In the year since the attempted coup in Turkey, a “staggering” number of academics have faced criminal investigations, detentions, prosecutions, mass dismissal, expulsion and restrictions on travel, according to an open letter to President Recep Tayyip Erdogan of Turkey, signed by Robert Quinn, executive director of Scholars at Risk or SAR, the New York-based scholar rescue network, who demanded a reversal of the measures.
On 13 July, 302 more academics were dismissed from their jobs under a new decree under the crackdown ordered after the failed coup attempt a year ago. On 10 July more than 40 academics and university workers were arrested at two Istanbul universities.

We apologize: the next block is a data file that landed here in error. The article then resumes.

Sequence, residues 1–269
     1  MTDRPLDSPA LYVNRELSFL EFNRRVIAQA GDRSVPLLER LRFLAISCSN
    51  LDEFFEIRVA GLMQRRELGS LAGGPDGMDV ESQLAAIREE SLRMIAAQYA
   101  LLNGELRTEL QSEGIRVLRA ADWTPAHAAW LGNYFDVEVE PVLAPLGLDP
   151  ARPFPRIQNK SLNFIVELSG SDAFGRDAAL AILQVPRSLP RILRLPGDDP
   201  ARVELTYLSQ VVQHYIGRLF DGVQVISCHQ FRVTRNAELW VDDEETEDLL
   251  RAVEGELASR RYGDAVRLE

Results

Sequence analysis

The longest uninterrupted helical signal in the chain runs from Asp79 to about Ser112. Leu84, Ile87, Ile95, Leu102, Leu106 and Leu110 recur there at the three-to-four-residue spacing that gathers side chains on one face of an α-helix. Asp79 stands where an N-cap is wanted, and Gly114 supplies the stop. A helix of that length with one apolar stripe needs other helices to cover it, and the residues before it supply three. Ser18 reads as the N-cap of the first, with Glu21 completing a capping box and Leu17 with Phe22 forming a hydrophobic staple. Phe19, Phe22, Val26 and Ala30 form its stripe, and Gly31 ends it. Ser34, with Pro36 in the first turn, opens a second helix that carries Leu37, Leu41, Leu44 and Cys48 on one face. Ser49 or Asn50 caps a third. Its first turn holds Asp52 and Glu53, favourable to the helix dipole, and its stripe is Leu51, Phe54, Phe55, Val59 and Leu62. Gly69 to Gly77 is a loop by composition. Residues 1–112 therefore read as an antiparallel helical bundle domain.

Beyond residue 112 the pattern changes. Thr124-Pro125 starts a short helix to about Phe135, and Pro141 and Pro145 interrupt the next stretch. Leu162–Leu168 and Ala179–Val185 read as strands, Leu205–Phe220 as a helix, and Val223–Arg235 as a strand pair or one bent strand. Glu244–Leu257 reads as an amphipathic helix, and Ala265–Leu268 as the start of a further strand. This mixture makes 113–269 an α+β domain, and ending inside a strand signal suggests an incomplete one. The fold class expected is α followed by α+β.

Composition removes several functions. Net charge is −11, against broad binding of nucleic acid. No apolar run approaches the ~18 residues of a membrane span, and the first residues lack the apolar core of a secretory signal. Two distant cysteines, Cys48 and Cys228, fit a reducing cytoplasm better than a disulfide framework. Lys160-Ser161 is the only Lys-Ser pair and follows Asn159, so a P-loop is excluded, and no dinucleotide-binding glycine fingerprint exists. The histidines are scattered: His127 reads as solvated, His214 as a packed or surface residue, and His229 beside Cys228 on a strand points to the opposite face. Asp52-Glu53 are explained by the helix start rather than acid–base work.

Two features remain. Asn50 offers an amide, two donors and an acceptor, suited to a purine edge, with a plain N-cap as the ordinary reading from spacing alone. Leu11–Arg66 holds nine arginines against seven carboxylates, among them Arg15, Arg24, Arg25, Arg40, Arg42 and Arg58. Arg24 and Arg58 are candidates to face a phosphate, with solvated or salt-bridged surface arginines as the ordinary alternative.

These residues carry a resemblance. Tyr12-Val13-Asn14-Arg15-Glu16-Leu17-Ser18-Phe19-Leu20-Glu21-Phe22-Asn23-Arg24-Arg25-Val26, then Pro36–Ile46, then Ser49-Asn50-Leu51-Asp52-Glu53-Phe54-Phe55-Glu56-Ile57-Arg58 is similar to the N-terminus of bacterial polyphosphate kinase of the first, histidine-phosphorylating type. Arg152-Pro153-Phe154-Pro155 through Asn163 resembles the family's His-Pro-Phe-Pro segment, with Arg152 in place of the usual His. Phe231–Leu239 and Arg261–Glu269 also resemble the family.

Quinn said the evidence strongly suggests academics are facing retaliation for the non-violent exercise of academic freedom, freedom of expression, and freedom of association.
He said: “These actions are not only attacks on individuals, but on the higher education sector in Turkey and on Turkish society generally. If not quickly reversed, these actions will undermine Turkey’s status as an international centre for learning and intellectual exchange.”
Quinn urged Erdogan to “direct all necessary steps to reverse these dangerous and destructive actions”, in which more than 7,500 academics have been targeted and nearly 60,000 students have been displaced.